The coronavirus pandemic has upended most global sporting events and blown even the most dedicated athletes off course, but for the man dubbed “liquid nails” it is but a zephyr.
Ahmed Kelly was given little chance to survive when he was found by nuns outside an orphanage in Baghdad, Iraq.
But, 28 years later, the elite swimmer is preparing for the Tokyo Paralympic Games and would have already represented Australia had COVID-19 not delayed it until next year.
“I know some athletes can’t make the games now — their bodies couldn’t take another 12 months of training,” Kelly says, as he dries himself pool-side at Canberra’s Australian Institute of Sport.
“Some have retired, but I’ve been exposed to so many kids a lot worse off than me.
As athletes falter under the weight of a global pandemic, Kelly is set on making the Paralympics with a single-minded ferocity born only from a past like his.
A fight to survive
Kelly’s grit comes not from a childhood of elite schools and sporting scholarships, but from one spent in orphanages and operating theatres.
He and his brother Emmanuel were abandoned as babies on the doorstep of the Mother Teresa Orphanage in Baghdad.
Ahmed was left at the door, Emmanuel in a shoebox on the street.
Both were born with under-developed limbs and not expected to survive.
“We were just being kids, making the most of everyday and we had no idea what Australia was,” Kelly remembers of his time in Iraq.
The brothers spent seven years at the orphanage until Australian woman Moira Kelly visited the centre in 1998 and brought the boys back to Australia for surgery.
“I remember being really excited to hear we could be leaving, and then a long car trip to a new place,” Kelly said.
But immigration was difficult, and in some cases illegal, under then-leader Saddam Hussein.
Iraqi roads were littered with police checkpoints, blocking residents trying to leave.
Instead the brothers were secretly whisked 1,000 kilometres across the border into Jordan — an easier departure point.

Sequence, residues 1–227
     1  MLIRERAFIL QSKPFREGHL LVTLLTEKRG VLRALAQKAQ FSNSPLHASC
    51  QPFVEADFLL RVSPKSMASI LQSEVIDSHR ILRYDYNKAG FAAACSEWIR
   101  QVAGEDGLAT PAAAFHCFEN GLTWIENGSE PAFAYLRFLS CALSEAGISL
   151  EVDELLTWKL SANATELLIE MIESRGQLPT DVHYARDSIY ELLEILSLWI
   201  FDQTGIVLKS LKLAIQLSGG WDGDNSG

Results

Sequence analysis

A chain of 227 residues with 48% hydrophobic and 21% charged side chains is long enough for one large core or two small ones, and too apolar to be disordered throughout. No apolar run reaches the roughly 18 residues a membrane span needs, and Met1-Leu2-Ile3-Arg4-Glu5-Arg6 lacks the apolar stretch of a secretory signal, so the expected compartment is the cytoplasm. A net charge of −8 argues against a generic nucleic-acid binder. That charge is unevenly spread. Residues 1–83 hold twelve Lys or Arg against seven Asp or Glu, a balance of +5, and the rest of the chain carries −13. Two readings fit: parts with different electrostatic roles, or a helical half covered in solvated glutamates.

They eventually made it to Australia after weeks of “documentation issues”.
Learning to walk without pain
But as Kelly grew into his new life in Australia, so did the pain in his legs.
“Eventually they were becoming too painful to walk on for long periods.”
Surgery allowed him to wear prostheses and led him to a new passion: Australian rules football.
“I wasn’t particularly good at footy, but I went in hard and just had a crack.”
It was playing for local Victorian team the Kilmore Blues that Kelly’s courage earned him the nickname “nails”.
When he later swapped the Sherrin for Speedos, he became “liquid nails”.
“He likes to train very hard and he is incredibly determined,” Kelly’s coach Yuriy Vdovychenko says pool-side, stop watch in hand.
“But his persistence is strong.”
That persistence is a family trait.
Kelly debuted at the 2012 London Paralympic Games, cheered on by his sisters Trishna and Krishna, the Bangladeshi conjoined twins famously separated in 2009.
Meanwhile, his brother Emmanuel was garnering global praise for his rendition of John Lennon’s Imagine on the talent show The X Factor Australia in 2011.
Emmanuel is now chasing a music career in the United States.
“It’s important that kids know there are people out there like me.
“I really want parents and families to educate their kids, and to get around Paralympic sport.”
‘The world isn’t perfect, and that’s okay’
Next year will be Kelly’s third Paralympic appearance.
As he puts on his prostheses, packs his bag and looks out over the pool, he wonders if it will be his last.
“If it’s my last one, that’s life. And I hope I’ve helped change perspectives because that is the most important thing.
“I just want kids to know the world isn’t perfect, and that’s okay.”